Finally, there is the fact that just about nobody wants and EV at any price point.

  2. jon

    I have four kids. That’s six people in a single car. It would be cool if an electrical vehicle could handle that many people, up to now I haven’t heard of any large vehicles that are fully electric. Also, it would need to get me at least a couple hundred miles since we drive are vehicle every where.

    Reminds me of the problem of Uber where their dream is to have everyone using their service. It seems unrealistic with large families since we need car seats and enough space to put all our kids and stuff. On top of that it’s much cheaper just to own our own car.

  3. LazyReader

    Let’s see global energy consumption is about 567 Exajoules or a power demand of about 18 terawatts. The third world where most of the worlds rainforests are located account for 60% of that. So the Third World needs to replace 340 Exajoules or 10 Terawatts of energy with renewable energy, currently 90% of the third worlds energy is met with wood or biomass and fossil fuels. Never the less, 10 terawatts of wind power that’s 10 million 1 Megawatt wind mills then take into consideration the Betz limit that the maximum energy performance of a turbine is about 59% running efficiency which it often never runs at that level of performance, the average wind turbine efficiency is 30-35% , that’s less than a third so you need three times as many turbines to make up the difference; that’s 30 MILLION turbines then you have to build even more turbines cause the wind distribution is not universal all over the world so you have to send electricity from one site to another when the wind is stagnant which may require twice as many turbines so that’s 60 MILLION turbines. Then you have to install them so that’s 60 million acres of forest that has to go since it takes a acre of treeless land (as tall trees interfere with the wind pattern splaying against the turbines). it takes about a ton of of neodymium and other rare earth metal per turbine so that’s 60 million tons of rare earth metal. China whom consolidates 90% of the global supply, only produces 100,000 tons a year so it would take 600 years to mine it all assuming that much even exists. That’s a lot of Strip mining, probably that needs to be done in the rainforest regions of the world. And that’s just the third world, never mind the industrialized worlds energy demands. Don’t get me started where all the copper wire is gonna come from or all the Lithium to store it. Given the environmentalist uproar over mining…..anything. Good luck world.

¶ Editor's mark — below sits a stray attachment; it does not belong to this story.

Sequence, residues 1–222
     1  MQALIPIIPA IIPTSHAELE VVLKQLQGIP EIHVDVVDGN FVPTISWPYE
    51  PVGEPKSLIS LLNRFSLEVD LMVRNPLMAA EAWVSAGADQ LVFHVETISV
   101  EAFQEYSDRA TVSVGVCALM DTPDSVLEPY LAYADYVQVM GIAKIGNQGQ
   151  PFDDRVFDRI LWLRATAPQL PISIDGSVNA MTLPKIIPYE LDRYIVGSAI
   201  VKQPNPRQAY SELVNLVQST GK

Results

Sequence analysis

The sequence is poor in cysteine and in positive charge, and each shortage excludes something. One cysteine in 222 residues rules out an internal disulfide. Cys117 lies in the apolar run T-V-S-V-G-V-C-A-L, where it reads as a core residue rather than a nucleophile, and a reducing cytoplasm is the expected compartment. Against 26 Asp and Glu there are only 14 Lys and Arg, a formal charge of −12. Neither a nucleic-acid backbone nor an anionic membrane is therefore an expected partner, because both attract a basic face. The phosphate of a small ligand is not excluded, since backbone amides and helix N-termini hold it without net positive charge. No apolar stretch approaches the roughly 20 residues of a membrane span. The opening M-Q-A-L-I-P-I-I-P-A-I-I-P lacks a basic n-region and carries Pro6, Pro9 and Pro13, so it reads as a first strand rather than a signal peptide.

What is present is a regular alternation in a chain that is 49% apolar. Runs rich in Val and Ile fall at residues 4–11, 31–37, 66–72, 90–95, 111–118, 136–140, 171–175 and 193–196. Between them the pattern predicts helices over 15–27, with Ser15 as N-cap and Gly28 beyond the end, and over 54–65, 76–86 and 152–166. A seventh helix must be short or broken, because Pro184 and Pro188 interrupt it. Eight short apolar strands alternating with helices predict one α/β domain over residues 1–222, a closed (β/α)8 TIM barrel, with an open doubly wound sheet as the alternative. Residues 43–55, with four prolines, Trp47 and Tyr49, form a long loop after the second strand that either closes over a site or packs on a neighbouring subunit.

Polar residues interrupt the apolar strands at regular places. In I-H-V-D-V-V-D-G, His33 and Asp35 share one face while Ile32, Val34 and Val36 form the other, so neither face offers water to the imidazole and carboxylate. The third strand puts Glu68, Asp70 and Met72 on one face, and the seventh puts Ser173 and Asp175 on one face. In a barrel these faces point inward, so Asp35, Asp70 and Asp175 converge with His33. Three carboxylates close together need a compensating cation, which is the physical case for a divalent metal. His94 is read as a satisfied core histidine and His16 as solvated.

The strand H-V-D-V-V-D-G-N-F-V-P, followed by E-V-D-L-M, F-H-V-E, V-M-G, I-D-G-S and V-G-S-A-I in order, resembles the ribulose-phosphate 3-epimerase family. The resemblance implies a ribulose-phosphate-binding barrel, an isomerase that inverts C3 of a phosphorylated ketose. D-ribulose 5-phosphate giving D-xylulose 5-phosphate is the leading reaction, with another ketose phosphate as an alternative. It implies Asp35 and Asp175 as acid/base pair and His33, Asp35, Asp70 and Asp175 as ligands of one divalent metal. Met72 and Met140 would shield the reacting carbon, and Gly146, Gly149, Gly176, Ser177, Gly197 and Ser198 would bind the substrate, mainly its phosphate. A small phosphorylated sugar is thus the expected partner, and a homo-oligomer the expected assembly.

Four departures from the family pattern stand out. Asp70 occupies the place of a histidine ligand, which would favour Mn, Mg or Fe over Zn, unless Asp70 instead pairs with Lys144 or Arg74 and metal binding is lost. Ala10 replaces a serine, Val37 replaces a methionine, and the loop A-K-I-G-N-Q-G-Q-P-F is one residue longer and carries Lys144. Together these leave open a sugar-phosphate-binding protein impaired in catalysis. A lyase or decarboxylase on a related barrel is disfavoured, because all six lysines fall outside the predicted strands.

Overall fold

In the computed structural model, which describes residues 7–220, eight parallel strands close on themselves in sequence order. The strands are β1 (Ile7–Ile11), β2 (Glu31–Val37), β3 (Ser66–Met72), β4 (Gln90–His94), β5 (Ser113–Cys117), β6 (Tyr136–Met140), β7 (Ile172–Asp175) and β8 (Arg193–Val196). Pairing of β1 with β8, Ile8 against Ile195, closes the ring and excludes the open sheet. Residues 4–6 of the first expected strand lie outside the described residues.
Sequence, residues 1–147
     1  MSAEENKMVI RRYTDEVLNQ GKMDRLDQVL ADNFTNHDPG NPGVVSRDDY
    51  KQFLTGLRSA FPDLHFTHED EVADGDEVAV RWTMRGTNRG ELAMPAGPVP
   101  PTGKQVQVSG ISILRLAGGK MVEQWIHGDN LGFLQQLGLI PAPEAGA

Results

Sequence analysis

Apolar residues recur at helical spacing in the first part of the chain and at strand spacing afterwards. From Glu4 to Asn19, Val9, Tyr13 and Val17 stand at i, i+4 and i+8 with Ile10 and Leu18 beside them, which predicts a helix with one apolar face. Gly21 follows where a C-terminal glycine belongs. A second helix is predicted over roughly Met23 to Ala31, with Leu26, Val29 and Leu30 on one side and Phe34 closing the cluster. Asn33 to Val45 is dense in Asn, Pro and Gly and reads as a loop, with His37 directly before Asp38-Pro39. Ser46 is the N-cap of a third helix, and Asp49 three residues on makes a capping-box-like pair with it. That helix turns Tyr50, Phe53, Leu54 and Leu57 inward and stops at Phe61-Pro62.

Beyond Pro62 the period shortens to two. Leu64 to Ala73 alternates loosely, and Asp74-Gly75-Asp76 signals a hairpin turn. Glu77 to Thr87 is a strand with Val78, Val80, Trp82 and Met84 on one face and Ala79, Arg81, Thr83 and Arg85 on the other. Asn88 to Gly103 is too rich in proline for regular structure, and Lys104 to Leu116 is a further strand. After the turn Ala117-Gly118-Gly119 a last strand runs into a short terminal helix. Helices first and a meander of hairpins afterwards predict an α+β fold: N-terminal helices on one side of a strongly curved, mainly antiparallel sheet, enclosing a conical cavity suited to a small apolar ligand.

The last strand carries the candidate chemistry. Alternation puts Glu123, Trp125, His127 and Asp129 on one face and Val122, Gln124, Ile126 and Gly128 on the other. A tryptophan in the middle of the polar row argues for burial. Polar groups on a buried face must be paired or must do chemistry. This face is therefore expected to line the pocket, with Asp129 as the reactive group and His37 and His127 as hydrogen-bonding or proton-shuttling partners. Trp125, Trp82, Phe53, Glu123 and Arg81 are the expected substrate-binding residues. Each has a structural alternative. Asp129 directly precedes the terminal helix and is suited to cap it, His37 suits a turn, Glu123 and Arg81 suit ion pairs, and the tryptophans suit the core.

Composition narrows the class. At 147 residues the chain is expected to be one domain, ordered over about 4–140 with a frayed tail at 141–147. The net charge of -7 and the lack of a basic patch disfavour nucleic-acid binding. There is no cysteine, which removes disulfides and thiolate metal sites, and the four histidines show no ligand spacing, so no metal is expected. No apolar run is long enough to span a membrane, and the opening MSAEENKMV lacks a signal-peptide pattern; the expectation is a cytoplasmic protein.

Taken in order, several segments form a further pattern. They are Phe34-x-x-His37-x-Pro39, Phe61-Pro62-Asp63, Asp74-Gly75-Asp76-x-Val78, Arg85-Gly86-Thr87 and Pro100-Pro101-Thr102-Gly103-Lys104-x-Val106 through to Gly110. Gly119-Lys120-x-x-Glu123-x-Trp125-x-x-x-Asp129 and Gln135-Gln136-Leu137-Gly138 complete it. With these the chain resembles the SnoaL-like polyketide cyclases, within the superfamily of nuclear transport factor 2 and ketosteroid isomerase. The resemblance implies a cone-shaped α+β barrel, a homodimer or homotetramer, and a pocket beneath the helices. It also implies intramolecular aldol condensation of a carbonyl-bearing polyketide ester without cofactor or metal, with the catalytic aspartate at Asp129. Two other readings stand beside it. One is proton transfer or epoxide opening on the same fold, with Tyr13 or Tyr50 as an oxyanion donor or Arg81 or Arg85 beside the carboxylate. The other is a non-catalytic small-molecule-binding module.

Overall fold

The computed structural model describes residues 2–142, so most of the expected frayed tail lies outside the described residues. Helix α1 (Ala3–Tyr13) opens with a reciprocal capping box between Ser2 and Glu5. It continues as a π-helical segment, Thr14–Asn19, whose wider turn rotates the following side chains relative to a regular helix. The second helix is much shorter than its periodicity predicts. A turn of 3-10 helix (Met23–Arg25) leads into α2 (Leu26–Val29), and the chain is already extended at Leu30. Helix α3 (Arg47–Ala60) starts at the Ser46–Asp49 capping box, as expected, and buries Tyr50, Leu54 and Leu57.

Solar and wind only provide electricity, while essential, industrial processes are not solely electrically based. The hydrogen-carbon bond is the greatest discovery in human history. There is no fossil fuel free society, what you’re amounting too is Hydro-carbon free, which is virtually impossible since were made of the stuff. Convert all non electric energy consumption to electric. And billions more for high voltage transmission to send it to where it’s needed. Fossil fuel free, here’s a few things you will have to give up to meet that goal:
    1. Food – no more synthetic fertilizers, fungicides, pesticides and herbicides. Back to using manure. Expect crop losses of 40-80%. And E-Coli and food borne pathogen infections to return to pre-industrial levels.
    2. Plastics – gone. Cant manufacture long chained hydro-carbons without their pre-cursor short chain hydro-carbon. NO PLASTIC, what will IKEA makes it’s furniture from.
    3. Modern Medicine. About 85% of modern pharmaceutical drugs use Benzene as a pre-cursor.
    4. Lubricants – both machine and and personal hope you like it raw, without long lasting high efficiency lubricants nothing runs. Not trains, planes or automobiles or any moving machinery.